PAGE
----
Featured Research

from universities, journals, and other organizations

Protein–telomere Interactions Could Be Key In Treating Cancer

Date:
September 2, 2009
Source:
The Wistar Institute
Summary:
Researchers have shown that a large noncoding RNA in mammals and yeast plays a central role in helping maintain telomeres, the tips of chromosomes that contain important genetic information and help regulate cell division.

A team of researchers from The Wistar Institute have shown that a large non-coding RNA in mammals and yeast plays a central role in helping maintain telomeres, the tips of chromosomes that contain important genetic information and help regulate cell division. Since this RNA also facilitates the formation of DNA at telomeres—a process that can protect aging cells and destabilize tumor cells—manipulating its expression may be useful in treating cancer and other diseases.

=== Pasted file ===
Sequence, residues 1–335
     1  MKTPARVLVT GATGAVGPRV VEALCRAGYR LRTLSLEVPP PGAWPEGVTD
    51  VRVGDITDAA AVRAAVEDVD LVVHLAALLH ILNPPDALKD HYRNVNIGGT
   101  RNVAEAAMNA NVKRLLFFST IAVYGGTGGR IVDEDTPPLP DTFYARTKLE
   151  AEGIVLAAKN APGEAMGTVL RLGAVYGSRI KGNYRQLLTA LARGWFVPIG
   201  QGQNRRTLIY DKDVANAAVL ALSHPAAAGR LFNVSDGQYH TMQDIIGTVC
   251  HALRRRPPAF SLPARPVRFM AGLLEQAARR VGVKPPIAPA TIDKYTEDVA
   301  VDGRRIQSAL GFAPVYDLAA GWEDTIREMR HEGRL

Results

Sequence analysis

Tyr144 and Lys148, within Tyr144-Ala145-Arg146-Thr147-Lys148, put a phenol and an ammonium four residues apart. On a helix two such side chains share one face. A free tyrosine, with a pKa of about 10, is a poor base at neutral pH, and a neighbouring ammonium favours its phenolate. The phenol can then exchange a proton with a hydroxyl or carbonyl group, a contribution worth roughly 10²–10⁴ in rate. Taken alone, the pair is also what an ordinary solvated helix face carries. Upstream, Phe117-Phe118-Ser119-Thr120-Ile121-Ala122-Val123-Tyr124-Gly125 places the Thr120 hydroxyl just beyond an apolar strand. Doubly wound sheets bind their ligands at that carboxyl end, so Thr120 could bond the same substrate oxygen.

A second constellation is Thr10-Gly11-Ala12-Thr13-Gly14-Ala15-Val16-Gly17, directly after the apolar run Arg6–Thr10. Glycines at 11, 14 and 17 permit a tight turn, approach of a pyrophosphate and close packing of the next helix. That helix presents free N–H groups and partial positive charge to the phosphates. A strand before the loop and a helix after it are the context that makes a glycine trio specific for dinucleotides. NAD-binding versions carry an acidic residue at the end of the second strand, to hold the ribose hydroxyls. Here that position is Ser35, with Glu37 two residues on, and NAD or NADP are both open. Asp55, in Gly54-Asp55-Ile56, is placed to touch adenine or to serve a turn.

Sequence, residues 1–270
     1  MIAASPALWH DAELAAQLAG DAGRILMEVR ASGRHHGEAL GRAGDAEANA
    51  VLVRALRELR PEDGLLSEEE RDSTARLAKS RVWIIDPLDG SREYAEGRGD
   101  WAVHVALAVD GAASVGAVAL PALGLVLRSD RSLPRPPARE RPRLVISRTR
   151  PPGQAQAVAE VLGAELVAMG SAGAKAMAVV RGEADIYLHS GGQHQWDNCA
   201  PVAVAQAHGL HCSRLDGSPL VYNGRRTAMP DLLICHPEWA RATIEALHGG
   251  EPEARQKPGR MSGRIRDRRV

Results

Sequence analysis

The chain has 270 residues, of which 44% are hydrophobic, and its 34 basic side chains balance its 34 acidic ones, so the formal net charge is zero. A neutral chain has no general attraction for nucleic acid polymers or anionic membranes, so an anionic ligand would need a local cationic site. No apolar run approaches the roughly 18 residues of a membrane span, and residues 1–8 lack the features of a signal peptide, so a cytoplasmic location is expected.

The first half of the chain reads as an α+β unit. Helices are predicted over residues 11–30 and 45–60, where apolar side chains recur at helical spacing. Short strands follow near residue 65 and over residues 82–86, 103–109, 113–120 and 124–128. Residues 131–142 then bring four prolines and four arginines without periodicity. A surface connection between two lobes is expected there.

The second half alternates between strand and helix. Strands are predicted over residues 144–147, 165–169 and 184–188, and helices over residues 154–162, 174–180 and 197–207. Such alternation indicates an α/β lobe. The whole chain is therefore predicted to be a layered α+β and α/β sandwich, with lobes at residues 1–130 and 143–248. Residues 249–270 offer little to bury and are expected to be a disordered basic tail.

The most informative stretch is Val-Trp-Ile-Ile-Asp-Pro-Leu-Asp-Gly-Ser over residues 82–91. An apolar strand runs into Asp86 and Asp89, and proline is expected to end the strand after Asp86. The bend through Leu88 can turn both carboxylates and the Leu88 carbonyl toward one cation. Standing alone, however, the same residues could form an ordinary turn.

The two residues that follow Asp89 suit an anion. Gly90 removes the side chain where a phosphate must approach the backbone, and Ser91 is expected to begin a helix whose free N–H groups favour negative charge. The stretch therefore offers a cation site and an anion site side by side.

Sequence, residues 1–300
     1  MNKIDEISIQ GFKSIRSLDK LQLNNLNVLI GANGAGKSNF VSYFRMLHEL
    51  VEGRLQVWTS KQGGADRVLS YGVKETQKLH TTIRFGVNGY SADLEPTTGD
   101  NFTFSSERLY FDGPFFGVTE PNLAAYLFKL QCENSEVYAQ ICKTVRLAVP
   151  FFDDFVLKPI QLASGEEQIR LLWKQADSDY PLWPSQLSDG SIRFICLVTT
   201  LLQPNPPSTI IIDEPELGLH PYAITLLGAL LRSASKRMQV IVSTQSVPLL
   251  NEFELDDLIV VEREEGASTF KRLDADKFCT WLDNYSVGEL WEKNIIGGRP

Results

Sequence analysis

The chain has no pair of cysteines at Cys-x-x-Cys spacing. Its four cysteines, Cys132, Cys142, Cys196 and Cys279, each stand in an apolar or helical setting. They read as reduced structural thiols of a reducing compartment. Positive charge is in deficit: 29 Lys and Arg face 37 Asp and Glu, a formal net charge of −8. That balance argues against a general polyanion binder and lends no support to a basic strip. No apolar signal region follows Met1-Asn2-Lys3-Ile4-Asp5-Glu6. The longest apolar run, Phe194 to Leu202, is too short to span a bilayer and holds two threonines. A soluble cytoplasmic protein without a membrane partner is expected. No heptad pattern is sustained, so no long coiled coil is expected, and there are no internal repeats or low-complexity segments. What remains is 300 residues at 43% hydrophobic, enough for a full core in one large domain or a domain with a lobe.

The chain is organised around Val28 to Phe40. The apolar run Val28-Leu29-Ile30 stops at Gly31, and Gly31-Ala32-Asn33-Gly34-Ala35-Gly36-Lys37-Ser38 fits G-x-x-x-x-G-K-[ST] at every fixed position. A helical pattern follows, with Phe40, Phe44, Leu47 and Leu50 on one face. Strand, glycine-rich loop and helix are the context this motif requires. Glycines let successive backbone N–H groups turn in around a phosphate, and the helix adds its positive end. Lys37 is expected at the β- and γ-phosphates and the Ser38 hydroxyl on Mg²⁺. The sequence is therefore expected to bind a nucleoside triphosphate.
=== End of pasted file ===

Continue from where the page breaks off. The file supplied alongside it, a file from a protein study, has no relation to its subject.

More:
The steady shortening of telomeres with each replication in somatic cells is linked to cellular aging, genetic instability, and tumor formation. This is because telomeres eventually "run out" after a certain number of cell divisions, resulting in the loss of vital genetic information from the cell's chromosome with future divisions. Scientists recently identified telomere-repeat-encoding RNA (TERRA) as an integral component of DNA within the telomeres of multiple species. The Wistar team demonstrated how TERRA mediates and partially stabilizes interactions between telomeric proteins that play essential roles in DNA replication.